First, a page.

Brian Downs

Software Engineer, Open Source Advocate, Outdoor Enthusiast

December 2014

December, 2014 was a very productive month. I got a lot done in regard to furthering my Go learning and contributing back to the Go community as well as development in general, a deeper understanding of cloud and data center networking, and exposure to a professional approach to asking inappropriate questions in a seeminly innocuous way. The latter I’ll leave for another entry as it’s interesting enough to stand on it’s own. The rest is a highlight of the fun and exiciting things that happened during December, 2014.


Spinner is a Go (golang) package to easily provide a terminal spinner. Features and documentation can be found here. I started writing this Go package one day during my lunch break for more of a code kata than anything else. I had searched around for some inspiration and found some neat C code but it lacked the elegance that Go provides.

The spinner package comes with a number of examples so one can quickly get an idea for how it can be used in their application.

Simple installation:

$ go get

Without the sage wisdom of Naimix I wouldn’t have put this package on the Golang subreddit for peer feedback and review here. Since posting, the package has become, arguably, the most popular Go terminal spinner on Github. The package intially started trending on the Github Go Trending page and subsequently ended up Trending on the GitHub main page. Thank you to everyone that starred the repository.

I plan on incorporating nsf’s termbox-go package into the spinner package to provide even more functionality. I sadly don’t see this happening for a few months so if anyone wants to tackle that, feel free!


Openweathermap is a Go (golang) package for use with OpenWeatherMap’s API. It’s still a work in progress but the main functionality exists.

This library wouldn’t have some the functionality it currently has if not for the effort of a few contributors that I’m extremely greatful for. I can’t wait to see what else others can think of to add, enhance, or fix.

Features and documentation can be found here.

To install:

$ go get

I noticed recently that the repository had been forked again and I looked at a few of the commits that had been made. I’m eagerly awaiting a pull request by the, for now, unnamed developer.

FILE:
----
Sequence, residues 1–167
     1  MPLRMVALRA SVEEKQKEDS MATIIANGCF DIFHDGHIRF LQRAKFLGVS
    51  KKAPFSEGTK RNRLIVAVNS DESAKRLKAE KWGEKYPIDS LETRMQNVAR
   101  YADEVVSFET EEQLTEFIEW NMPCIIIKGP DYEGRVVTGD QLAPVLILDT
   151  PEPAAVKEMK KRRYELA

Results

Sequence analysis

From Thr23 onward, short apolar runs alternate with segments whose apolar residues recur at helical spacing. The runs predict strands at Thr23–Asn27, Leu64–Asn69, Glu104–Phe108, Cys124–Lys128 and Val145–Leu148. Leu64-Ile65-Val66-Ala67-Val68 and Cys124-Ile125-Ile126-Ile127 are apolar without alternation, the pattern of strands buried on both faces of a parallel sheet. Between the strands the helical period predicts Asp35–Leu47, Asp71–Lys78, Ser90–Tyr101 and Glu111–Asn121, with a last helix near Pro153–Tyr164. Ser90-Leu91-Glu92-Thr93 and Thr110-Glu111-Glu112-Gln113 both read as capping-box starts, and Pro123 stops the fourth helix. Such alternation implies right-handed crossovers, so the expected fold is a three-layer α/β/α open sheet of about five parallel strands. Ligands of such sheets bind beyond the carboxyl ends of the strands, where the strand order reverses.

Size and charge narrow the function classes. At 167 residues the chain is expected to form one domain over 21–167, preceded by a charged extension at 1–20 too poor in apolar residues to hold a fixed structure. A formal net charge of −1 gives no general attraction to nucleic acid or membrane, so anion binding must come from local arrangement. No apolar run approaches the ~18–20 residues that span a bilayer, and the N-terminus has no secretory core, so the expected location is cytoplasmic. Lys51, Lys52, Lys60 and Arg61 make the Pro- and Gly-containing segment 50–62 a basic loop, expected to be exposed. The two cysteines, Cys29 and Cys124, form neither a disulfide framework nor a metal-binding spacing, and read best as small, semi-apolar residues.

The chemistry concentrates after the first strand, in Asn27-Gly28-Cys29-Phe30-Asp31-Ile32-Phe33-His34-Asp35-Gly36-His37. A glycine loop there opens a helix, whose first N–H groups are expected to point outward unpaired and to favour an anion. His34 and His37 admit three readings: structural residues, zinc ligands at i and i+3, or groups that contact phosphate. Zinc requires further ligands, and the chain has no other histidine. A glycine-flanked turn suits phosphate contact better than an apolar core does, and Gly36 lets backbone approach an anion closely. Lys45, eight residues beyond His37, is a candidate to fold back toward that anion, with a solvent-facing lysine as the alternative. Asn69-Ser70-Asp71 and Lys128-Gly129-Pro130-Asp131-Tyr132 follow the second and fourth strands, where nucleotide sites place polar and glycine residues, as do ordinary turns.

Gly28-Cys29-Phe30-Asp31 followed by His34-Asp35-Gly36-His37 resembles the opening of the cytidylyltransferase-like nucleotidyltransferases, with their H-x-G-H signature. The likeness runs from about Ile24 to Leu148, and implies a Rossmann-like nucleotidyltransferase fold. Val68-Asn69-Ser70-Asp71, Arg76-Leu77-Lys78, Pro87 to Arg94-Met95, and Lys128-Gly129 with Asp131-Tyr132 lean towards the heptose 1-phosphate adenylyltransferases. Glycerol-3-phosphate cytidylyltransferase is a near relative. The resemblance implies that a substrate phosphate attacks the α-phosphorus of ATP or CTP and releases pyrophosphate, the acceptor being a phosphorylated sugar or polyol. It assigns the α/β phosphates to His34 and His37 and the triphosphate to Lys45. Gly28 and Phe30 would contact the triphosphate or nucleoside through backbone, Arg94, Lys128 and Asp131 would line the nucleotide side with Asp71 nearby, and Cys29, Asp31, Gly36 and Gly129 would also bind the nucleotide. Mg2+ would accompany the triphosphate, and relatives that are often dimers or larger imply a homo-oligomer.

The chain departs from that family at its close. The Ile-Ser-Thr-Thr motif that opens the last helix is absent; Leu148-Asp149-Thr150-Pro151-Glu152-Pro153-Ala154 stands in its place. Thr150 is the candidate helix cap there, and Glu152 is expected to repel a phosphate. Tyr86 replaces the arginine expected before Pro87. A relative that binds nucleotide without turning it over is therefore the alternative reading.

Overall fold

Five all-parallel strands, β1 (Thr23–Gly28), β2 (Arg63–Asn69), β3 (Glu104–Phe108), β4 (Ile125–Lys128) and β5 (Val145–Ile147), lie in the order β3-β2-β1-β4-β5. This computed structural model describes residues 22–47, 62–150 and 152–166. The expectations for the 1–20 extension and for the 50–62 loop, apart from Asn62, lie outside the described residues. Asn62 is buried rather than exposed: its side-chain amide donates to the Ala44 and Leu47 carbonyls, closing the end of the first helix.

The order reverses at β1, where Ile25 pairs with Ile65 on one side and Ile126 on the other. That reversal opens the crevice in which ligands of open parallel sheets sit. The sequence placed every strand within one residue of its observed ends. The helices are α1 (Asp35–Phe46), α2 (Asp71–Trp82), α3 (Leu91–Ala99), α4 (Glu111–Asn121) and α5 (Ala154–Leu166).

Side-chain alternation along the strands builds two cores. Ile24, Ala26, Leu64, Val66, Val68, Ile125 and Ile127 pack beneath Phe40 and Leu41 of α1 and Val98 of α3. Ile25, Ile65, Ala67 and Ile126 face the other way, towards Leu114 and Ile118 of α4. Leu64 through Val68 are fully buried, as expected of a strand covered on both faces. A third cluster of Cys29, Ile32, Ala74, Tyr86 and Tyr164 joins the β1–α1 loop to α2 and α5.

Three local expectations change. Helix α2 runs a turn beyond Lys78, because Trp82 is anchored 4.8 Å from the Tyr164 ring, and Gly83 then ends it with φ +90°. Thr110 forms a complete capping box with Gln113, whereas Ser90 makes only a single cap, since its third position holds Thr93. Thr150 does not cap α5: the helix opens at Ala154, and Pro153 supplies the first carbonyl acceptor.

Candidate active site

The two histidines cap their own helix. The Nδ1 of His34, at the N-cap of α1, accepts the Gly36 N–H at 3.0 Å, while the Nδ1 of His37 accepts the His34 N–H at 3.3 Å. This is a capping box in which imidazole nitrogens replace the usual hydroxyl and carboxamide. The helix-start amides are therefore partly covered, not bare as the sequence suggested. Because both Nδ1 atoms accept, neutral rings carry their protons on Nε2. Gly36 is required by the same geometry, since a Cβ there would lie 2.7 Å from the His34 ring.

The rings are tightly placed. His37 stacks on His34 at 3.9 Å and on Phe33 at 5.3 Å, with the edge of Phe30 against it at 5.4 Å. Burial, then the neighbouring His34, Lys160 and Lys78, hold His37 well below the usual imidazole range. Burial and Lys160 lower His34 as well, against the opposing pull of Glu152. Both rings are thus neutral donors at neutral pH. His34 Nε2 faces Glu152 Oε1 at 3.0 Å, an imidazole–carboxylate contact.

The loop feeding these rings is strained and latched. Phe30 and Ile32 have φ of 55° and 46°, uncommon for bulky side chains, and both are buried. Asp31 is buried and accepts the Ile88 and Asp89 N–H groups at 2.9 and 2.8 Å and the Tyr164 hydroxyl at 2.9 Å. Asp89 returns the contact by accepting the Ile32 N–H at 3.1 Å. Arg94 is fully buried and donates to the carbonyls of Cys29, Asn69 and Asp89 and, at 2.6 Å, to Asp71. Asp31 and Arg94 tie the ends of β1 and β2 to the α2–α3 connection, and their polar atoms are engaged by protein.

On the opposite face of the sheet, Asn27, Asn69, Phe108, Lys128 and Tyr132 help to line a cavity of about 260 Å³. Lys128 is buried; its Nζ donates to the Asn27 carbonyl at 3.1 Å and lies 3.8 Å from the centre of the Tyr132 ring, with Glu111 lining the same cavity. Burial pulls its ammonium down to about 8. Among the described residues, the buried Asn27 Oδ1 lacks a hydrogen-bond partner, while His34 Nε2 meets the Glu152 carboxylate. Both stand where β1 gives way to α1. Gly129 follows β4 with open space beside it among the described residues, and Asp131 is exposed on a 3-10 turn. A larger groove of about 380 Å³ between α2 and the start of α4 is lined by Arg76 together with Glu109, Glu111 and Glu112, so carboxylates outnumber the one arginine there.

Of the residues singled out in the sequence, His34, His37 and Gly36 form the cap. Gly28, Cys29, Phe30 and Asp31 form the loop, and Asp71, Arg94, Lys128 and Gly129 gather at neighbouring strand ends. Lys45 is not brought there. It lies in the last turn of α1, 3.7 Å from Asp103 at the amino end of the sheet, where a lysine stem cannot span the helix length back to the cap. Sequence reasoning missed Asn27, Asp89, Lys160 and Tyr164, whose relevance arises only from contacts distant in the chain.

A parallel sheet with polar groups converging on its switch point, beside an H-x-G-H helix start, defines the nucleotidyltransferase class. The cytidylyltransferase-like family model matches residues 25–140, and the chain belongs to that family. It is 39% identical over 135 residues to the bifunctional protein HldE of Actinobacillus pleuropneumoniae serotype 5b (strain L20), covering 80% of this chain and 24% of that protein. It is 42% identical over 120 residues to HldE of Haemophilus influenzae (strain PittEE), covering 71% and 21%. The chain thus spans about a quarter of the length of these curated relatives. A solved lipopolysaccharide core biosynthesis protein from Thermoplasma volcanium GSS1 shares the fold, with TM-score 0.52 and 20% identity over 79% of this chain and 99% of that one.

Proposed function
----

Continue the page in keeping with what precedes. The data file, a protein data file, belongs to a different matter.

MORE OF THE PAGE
In the next couple of months I plan on getting a few small weather stations. I’m hoping to get API’s built in Go for them and have those API’s use this package as a plugin for sending data up to the OpenWeatherMap API.

Please feel free to give suggestions or feedback.


My first ever contribution to a large project was for a bug fix for Mitchell Hashimoto ’s Packer project. Finally, during the month of December, I was able to find a bit of time to sift through some of the projects I had previously starred on Github. I widdled the list down to a few I really liked and thought I’d love to contribute to.

The first was EventBus by Alex Saskevich. I didn’t contribute anything overly exciting, just some error handling for the Subscribe, SubscribeOnce, and Unsubscribe methods. This is a cool package that I hope I can continue to contribute to as well as incorporate into some upcoming applications.

The second was another project by Alex Saskevich named govalidator which is a really awesome string validation and sanitizer package for Go. This contribution was simply adding the ability to validate U.S. Social Security Numbers.

Lastly, I found a Go package for the Zabbix API. I’ve been using and loving Zabbix now for around 8 years so naturally, I jumped at the chance to work on the Zabbix package by Alexey Palazhchenko. Here, I simply updated all of the constant declarations to utilize Go’s iota idiom.

Phoenix-Chandler Go Meet-Up

I’ve never been one for meetups for a number of reasons but I’m glad I gave this one a shot. The Go Phoenix-Chandler Programmers meetups have been amazing. You can read my write-ups of the past 2 here: November December. These past two meetups were really great and informative with a great group of people too.

All things considered, I had a great December. A bit more Go focused than anticipated but that’s yielded no complaints from me. It’s now officially my favorite language to develop in as you can see from my contributions and personal repositories mentioned above. I have no expectation for January to present as grand a take-away as December, though I’m doing my best to see it does.